I live between Cheltenham and Gloucester, and attend mainly the Gloucester Royal Hospital – on some occasions I do have to attend The Queen’s Hospital in London. All my records are held at Gloucester Royal Hospital, but this only includes paperwork records – my G.P has access to all electronic records on an administrative server based elsewhere for security and should there be a risk of fire. I see Tinx mentioned about cutbacks, the main cutback in my area is after a certain time the Ambulance and Emergency services in Cheltenham are closed off, and diverted to Gloucester Royal Hospital, so you can imagine the mayhem this caused. It is nowhere near so bad now, with the Personal Care Plan in place.

      I did have to agree for my records to allow access to and from hospitals, via my GP – this ensures the data is always up to date. Paramedics carry a type of computer which allows access to all my details, so they know my past history and how it was controlled (this was never available before), also which Consultants I see regularly including periods and medication, if any. My records are checked when my wife calls for an ambulance, because they know what to expect in each case.

      All blood tests are kept on file, so they can see at a glance when you have had previous tests, and what ‘markers’ were checked at the time. X-rays, MRI’s and CT scans are all available, including any comments made. Since I am in cancer remission for about another 9 months they can see when the next appointment is due. This saves a paramedic time when they can see I have about another 3 appointments coming up shortly. A paramedic must do a lot of checks and leave only if he/she thinks you are stable enough, therefore the Personal Care Plan in my view is a good idea.

      My main problem is Generalized Dystonia, not well known and quite often overlooked by doctors as it has similar symptoms to Parkinson’s disease. Most paramedics have quite often asked my wife if I am coming around from a seizure and if the ‘tremors’ and ‘shaking’ is normal because it is a rare condition, of course they used to ask the same questions on every ‘call out’ – especially, when you suffer from ‘uncontrolled Epilepsy’ and ‘Functional Seizures’. But now they can see from my records that it is normal, and an ambulance is not required, therefore in my case it frees up an ambulance, nurses and doctors, when they could be attending someone far worse than myself.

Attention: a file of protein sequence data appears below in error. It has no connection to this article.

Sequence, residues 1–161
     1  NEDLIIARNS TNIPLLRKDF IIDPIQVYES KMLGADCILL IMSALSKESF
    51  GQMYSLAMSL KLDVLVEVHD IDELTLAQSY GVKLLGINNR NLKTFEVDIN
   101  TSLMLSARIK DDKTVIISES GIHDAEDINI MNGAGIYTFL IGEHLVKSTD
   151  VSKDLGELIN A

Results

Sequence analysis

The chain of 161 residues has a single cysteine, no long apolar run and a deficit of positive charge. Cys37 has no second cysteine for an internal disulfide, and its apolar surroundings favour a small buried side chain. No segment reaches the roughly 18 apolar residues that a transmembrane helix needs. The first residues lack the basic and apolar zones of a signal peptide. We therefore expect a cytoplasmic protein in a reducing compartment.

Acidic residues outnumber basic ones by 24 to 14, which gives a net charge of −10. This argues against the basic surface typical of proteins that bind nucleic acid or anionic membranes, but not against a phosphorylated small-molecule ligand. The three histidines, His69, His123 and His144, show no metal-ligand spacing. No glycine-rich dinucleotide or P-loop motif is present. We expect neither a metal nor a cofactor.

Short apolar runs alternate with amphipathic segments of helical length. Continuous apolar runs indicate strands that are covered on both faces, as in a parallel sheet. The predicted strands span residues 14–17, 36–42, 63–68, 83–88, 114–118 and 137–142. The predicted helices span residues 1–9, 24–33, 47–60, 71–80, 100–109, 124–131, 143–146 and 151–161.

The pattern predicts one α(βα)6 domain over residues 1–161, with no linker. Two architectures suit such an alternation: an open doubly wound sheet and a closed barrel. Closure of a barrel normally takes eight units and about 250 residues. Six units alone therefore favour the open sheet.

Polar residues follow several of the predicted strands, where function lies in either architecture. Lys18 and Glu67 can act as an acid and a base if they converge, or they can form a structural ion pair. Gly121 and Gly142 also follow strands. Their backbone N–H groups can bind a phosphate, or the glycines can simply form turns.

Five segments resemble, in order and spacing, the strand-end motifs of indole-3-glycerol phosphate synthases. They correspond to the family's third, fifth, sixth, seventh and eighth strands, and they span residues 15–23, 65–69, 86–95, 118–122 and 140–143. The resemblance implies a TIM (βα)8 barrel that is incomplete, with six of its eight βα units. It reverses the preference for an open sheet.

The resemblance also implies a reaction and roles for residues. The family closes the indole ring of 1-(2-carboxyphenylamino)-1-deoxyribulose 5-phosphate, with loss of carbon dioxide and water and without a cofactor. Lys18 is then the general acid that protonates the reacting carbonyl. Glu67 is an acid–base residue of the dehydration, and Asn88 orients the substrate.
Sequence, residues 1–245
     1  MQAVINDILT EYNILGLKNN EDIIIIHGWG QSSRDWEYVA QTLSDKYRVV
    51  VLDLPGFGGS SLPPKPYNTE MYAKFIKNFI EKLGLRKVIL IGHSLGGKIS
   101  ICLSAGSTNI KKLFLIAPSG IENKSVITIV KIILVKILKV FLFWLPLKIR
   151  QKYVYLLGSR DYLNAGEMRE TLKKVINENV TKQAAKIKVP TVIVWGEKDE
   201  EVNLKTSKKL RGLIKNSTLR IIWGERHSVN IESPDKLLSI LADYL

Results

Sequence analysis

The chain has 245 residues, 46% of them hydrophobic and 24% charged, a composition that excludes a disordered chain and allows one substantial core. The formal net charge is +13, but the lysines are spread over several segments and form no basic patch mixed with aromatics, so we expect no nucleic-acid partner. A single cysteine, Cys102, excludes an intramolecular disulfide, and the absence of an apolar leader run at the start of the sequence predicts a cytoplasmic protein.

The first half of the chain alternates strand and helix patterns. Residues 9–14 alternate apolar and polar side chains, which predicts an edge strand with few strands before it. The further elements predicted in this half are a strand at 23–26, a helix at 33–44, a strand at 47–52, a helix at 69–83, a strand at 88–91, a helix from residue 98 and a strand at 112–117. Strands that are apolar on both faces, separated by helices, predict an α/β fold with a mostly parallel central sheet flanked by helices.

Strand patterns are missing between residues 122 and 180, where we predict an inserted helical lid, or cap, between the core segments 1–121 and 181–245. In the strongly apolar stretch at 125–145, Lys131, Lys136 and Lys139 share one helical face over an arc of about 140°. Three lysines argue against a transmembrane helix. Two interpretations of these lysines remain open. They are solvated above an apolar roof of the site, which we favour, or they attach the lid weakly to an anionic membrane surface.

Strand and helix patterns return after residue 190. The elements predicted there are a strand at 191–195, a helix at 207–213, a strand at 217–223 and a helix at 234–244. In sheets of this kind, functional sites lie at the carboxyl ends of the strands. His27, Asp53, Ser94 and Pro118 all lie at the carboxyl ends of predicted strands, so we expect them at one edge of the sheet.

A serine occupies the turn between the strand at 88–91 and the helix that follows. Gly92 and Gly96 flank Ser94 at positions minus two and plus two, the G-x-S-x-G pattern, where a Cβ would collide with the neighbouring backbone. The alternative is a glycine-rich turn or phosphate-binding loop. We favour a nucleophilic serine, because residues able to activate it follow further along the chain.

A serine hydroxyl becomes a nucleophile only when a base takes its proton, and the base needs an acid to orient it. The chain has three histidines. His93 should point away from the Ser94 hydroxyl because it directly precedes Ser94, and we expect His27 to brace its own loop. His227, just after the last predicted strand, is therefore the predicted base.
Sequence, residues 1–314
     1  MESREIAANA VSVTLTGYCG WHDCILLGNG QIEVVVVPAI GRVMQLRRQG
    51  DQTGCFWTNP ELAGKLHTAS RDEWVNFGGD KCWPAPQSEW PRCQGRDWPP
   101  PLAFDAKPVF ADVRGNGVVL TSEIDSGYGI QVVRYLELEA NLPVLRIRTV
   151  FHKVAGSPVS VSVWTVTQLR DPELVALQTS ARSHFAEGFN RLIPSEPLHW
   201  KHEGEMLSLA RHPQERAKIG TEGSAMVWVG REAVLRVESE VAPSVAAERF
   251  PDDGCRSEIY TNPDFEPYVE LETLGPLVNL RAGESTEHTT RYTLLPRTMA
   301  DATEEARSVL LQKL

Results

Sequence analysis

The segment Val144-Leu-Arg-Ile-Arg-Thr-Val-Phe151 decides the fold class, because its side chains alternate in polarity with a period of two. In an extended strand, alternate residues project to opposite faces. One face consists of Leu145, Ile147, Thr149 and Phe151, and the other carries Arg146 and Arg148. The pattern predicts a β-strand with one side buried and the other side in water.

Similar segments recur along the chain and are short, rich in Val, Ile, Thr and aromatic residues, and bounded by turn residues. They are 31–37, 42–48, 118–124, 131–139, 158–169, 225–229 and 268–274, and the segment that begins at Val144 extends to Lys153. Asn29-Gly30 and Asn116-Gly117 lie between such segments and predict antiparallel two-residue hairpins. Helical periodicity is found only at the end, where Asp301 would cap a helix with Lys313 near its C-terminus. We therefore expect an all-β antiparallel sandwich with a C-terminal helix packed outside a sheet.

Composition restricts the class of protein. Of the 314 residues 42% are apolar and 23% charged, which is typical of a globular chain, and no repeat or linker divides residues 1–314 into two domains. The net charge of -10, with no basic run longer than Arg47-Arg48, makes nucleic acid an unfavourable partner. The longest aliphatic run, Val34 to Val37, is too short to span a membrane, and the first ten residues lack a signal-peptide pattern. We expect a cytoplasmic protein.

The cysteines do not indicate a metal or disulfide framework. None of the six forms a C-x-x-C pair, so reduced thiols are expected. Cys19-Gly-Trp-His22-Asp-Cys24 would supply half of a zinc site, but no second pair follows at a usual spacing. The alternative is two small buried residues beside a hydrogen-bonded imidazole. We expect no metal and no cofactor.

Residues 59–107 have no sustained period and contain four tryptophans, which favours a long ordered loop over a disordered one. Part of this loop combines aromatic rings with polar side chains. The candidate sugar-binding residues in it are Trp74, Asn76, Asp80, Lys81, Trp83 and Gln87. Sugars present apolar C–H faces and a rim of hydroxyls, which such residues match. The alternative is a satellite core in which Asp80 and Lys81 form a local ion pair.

Regards,

      Les.

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    • Posted

      Eventually it will be brought into force all over but we still have people who do not want others to see/share their records.

      Brighton consultant said that he should be able to get my Eastbourne scans on his system. He could only get the results but not see the actual scans for himself as he wanted to.

      In East Sussex facilities and services are being based at one hospital maternity and orthopaedics are being moved from Eastbourne to Hastings.  Stroke services are now based at Eastbourne.

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    • Posted

      Hi Derek,

      At the moment it on a trial, is also opt-in/opt-out - My doctor assumed it would be a good idea in my case because of my huge case of records, considering my complexity of disorders. Having to cope with 13 medications a day is ridiculous, some meds are to counteract side-effects from others.

      I just received a copy of the referal letter to the pain clinic, which will hopefully control the pain I am in 24/7 better. At the moment its a case of no one will touch any of the medications or amounts per day, until I have been to the pain clinic. I personally think the Tramadol is causing more problems,

      One day perhaps they will get the correct type of dystonia correct. It used to be Torticollis Dystonia, then they changed it to Focal Segmental Dystonia, then last year it was re-diagnosed as Generalized Dystonia (affecting all limbs) - then last week Cervical Dystonia. I am sticking with Generalized Dystonia since it is now spread over all limbs, originated from Torticollis Dystonia (diagnosed back in the early 90's). There is no known cure for it, only medication to lower the effects, but having muscles cramping everyday is a nightmare. The Epilepsy Specialist put it down to Cervical Dystonia (okay, I maybe in a wheelchair), but I get Botox injected into my neck! Go figure...eek

      Regards.

      Les.

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  • Posted

    Needs an endoscopy 
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    • Posted

      An endoscopy can only show any damage that has been done. With acid reflux there is often no damage to see and it is diagnosed by history not by looking there. The person would have had to have had acid reflux for a very long time befrore they can detect any damage there.

      And as endoscopies take time to organise and are expensive why do that if it is not necessary or helpful?

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    • Posted

      Having the pain she's having it will show any damage she needs ppi s at least , not over the counter meds. A visit to gp needs arranging and all treatment including endoscopy are free as yuy know.  Also an endoscopy can be arranged quickly if it's neede